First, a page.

Luxury German fashion retailer Mytheresa has pledged to go fur-free from spring/summer 2022 and will begin phasing out the existing inventory of previous seasons by the end of 2022. Fur from factory-farmed animals like mink, fox and muskrat will be covered.
The retailer will however continue to sell products made from leather, shearling or sheepskin, as well as the fur of cattle, referred to as ‘calf hair’ and ‘cowhide’, and products made from synthetic, faux fur materials. The retailer has banned exotic skins from stingrays, sharks, alligators, crocodiles, pythons, lizards, ostriches, alligators, alligators, crocodiles, ostriches, sharks, kangaroos, and crocodiles starting in spring/summer 2021.
Michael Kliger, chief executive of Mytheresa, said in a statement: “At Mytheresa, we believe that sustainability is an important part of our future strategy and this view is clearly shared by our customers, partners and employees. Mytheresa decided to go fur-free after we stopped purchasing exotic skins in the spring/summer 2021.”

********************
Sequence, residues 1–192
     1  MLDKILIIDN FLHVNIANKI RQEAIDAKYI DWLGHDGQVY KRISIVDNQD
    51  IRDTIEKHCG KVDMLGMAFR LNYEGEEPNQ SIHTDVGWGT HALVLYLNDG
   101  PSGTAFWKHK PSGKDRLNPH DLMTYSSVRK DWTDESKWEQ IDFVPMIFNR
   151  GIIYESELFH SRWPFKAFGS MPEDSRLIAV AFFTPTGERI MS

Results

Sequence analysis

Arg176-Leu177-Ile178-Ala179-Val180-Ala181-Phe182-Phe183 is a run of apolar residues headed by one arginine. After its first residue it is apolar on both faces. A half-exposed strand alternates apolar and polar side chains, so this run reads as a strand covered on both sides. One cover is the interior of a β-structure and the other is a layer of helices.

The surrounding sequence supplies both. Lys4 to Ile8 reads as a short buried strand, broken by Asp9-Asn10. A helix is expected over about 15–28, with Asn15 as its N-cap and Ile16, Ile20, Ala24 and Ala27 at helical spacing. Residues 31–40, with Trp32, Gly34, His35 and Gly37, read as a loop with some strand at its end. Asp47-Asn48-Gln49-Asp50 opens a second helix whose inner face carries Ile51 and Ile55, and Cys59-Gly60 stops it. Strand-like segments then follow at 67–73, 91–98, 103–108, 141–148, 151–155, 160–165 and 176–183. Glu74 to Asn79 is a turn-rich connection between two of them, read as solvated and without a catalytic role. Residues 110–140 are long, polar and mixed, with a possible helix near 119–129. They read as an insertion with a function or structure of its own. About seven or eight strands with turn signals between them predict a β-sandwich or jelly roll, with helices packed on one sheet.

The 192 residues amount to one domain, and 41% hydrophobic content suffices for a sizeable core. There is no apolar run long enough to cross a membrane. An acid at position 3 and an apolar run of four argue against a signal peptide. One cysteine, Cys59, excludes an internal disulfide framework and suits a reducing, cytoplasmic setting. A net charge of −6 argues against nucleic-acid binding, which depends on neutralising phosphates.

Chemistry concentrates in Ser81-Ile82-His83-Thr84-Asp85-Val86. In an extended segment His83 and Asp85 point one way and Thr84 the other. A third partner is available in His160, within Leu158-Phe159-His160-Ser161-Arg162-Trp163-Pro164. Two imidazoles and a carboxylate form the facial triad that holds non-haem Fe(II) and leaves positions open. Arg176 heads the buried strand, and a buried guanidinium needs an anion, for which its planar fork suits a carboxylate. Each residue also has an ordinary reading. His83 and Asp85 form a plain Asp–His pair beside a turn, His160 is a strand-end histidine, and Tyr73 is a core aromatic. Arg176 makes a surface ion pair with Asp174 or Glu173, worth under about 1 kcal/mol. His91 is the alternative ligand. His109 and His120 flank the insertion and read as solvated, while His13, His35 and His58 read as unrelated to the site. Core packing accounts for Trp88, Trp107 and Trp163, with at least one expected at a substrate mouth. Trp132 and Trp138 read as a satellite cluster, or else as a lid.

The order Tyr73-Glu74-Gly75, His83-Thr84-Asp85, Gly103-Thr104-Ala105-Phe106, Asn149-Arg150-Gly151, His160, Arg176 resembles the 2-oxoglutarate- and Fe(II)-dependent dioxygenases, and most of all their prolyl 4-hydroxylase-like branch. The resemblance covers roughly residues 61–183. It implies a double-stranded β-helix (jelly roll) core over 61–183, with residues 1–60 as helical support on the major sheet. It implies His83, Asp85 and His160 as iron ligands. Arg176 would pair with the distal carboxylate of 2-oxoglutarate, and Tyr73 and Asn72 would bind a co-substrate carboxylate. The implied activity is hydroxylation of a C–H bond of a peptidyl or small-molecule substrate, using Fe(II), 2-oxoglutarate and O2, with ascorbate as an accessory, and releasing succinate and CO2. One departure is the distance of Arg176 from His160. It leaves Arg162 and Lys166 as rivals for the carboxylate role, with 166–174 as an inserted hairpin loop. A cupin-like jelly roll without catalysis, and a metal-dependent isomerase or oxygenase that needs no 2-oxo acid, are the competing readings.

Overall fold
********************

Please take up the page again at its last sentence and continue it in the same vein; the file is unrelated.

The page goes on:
“We are proud to be making this change and thank the Humane Society of the United States, Four Paws and the Fur Free Alliance for supporting this policy.” Fur Free Alliance is an international alliance of over 50 top animal welfare and environmental protection organizations that supports the initiative.
Thomas Pietsch, head of wild animals in entertainment and textiles at Four Paws, the official representative of the Fur Free Retailer programme in Germany, said in a statement: “We are very pleased to see Mytheresa committing to ban real fur and exotic leather. This is a positive step in the right direction for animal welfare. It’s also compassionate and in line to consumer expectations. It also shows increased awareness about corporate social responsibility.”
“We hope Mytheresa ambitiously continues to refine their animal welfare practices to help build an animal-friendly fashion future.” France, Ukraine, Montenegro and Lithuania are all considering bans on fur farming.
In Germany, it introduced new animal welfare legislation in 2017, with a five-year transition period, that required stricter standards on fur farms such as increased cages sizes and swimming basins for mink. Fur farming was no longer considered profitable, and the last remaining mink farm closed in 2019, before the new regulations came into effect. The German government has not yet implemented a ban on fur production.